Fashion and faith

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‘Father in heaven, your Son has made it possible for me to approach you boldly, free from fear, and so I come to pour out my heart to you.’

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Bible passage Colossians 3:12–17

 12Therefore, as God's chosen people, holy and dearly loved, clothe yourselves with compassion, kindness, humility, gentleness and patience. 13Bear with each other and forgive whatever grievances you may have against one another. Forgive as the Lord forgave you. 14And over all these virtues put on love, which binds them all together in perfect unity.

 15Let the peace of Christ rule in your hearts, since as members of one body you were called to peace. And be thankful. 16Let the word of Christ dwell in you richly as you teach and admonish one another with all wisdom, and as you sing psalms, hymns and spiritual songs with gratitude in your hearts to God. 17And whatever you do, whether in word or deed, do it all in the name of the Lord Jesus, giving thanks to God the Father through him.

New International Version (NIV) Copyright © 1973, 1978, 1984 by International Bible Society

Tags: Love, Peace, Unity

Audio Bible passage

The audio version of the passage is taken from the Contemporary English Version (CEV).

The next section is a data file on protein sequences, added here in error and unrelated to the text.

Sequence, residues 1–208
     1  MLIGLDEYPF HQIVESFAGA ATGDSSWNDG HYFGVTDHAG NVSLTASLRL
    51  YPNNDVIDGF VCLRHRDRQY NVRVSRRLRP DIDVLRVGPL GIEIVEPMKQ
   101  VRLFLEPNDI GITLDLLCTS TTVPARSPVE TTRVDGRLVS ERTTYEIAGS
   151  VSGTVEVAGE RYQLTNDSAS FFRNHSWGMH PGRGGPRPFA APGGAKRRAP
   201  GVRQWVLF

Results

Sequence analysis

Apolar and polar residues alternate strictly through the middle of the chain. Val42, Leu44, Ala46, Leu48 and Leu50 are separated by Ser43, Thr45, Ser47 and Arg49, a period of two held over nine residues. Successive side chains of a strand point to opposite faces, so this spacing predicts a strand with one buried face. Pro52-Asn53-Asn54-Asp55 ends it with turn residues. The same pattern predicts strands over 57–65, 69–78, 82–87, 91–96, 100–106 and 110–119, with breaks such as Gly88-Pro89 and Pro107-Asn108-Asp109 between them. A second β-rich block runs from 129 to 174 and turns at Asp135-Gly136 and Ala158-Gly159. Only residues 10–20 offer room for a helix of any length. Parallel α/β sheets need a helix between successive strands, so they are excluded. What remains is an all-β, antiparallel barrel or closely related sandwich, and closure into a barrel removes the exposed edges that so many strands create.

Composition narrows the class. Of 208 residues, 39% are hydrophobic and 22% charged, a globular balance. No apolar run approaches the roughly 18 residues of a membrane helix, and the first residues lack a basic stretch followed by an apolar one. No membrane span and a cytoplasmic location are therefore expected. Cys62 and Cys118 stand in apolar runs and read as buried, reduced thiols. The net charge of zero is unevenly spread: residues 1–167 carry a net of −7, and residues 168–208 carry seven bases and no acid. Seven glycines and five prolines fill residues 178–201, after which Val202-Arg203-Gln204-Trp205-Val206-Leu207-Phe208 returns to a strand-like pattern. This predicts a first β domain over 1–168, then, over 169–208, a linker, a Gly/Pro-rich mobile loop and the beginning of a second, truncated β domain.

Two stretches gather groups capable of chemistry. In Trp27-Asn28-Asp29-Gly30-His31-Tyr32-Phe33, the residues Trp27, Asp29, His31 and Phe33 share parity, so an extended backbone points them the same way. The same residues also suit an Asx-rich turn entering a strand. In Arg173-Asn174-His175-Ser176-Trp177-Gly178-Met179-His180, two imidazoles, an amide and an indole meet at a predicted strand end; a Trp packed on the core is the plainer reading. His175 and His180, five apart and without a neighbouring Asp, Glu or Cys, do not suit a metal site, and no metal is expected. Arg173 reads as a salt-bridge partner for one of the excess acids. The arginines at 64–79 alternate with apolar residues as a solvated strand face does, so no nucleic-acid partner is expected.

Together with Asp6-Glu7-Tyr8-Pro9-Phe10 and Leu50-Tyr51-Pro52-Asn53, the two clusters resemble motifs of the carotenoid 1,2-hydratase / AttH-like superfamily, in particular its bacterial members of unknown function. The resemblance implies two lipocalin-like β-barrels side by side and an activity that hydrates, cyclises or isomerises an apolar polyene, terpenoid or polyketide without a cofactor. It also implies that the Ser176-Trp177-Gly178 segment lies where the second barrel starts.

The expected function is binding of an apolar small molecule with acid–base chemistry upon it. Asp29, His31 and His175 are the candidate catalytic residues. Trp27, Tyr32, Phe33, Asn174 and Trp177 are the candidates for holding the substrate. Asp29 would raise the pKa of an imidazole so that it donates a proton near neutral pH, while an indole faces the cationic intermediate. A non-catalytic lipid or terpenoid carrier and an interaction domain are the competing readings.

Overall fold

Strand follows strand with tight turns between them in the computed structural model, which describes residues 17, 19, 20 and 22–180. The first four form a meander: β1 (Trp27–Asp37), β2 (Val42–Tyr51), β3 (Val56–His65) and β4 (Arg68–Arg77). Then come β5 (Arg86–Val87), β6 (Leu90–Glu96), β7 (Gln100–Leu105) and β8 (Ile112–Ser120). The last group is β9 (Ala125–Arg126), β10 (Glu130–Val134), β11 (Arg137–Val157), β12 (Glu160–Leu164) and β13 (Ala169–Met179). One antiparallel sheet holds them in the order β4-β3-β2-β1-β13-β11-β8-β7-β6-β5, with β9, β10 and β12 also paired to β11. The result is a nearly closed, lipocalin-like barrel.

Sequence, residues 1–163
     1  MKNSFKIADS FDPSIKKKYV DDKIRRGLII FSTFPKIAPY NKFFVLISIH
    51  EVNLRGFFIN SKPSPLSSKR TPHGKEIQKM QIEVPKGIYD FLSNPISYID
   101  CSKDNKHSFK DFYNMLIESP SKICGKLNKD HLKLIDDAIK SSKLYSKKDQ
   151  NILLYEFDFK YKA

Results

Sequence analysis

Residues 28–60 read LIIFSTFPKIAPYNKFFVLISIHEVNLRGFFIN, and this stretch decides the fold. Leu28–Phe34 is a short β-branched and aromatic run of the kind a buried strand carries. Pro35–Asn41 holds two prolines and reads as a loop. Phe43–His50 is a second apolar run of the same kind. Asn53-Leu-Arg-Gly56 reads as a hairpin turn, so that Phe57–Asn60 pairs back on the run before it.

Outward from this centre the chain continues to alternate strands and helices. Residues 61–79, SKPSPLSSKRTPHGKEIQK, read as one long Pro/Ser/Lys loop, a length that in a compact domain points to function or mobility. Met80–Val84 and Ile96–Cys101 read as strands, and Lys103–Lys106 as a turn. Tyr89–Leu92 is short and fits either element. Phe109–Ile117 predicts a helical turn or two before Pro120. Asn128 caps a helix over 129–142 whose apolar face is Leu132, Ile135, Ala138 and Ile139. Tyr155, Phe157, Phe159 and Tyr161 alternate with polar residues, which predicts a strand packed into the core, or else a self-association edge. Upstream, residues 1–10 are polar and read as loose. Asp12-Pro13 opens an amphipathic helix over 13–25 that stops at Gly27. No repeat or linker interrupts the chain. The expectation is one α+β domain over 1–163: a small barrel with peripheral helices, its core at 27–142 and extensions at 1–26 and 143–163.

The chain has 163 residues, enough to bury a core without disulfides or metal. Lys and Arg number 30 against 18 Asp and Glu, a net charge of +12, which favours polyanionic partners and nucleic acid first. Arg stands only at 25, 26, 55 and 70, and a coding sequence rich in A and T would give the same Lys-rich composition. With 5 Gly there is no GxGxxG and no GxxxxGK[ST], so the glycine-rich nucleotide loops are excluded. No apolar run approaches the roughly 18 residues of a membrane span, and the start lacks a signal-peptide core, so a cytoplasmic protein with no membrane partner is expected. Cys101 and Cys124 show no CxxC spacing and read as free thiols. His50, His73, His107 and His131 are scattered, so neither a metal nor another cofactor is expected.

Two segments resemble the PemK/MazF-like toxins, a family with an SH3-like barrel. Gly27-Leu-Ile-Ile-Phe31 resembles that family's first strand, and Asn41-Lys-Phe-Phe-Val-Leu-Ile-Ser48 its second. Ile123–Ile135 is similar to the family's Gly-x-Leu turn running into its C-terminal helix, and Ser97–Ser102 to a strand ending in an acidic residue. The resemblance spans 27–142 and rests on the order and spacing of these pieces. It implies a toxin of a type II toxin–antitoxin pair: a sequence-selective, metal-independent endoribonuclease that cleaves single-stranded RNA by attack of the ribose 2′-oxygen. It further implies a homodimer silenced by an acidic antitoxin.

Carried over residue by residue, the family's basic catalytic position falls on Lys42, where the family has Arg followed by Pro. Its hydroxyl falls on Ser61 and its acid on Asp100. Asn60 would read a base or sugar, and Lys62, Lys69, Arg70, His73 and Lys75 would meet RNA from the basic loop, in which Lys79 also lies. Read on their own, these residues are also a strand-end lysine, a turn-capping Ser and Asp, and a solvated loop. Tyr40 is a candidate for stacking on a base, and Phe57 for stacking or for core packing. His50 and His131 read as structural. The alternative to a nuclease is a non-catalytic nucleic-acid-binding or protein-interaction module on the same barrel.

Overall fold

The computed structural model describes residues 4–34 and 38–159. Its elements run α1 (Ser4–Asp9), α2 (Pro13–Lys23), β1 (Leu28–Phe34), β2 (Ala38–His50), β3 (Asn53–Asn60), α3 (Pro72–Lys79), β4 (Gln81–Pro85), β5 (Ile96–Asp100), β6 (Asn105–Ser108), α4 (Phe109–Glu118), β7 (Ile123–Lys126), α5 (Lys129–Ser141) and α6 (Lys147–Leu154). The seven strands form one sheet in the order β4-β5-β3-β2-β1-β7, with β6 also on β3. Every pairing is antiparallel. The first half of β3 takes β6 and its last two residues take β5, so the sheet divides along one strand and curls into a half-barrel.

Tags: Love, Peace, Unity

Explore the Bible

Clothing identities
Every day we make big fashion decisions. What we wear, how we wear it, even the way we arrange our hair all reflect the way we want to be perceived by others. Concealed within our clothing are issues of identity, self-esteem, introversion or extroversion, and a general sense of where we fit in our environment.

Clothes are loaded with meaning! And Paul uses this everyday life choice as a metaphor for Christian identity. In verses 12 and 14 he urges his readers to clothe themselves in a top drawer of premium virtues, particularly love. In fact, Paul says love is like a jacket (v 14) which keeps everything else in place and in order.

Faith as fashion
This is one of Paul’s favourite metaphors used to paint a picture of Christian identity. We put off the old self that was dying and we clothe ourselves with Jesus’ values and identity. You’ll find this idea earlier in Colossians (2:11) and also in Ephesians 4:22–24.

Paul particularly links it with baptism, where we identify with Jesus in his sacrificial death and then in his new life. What these Colossians need is not a new set of beliefs but a fresh ‘wardrobe’.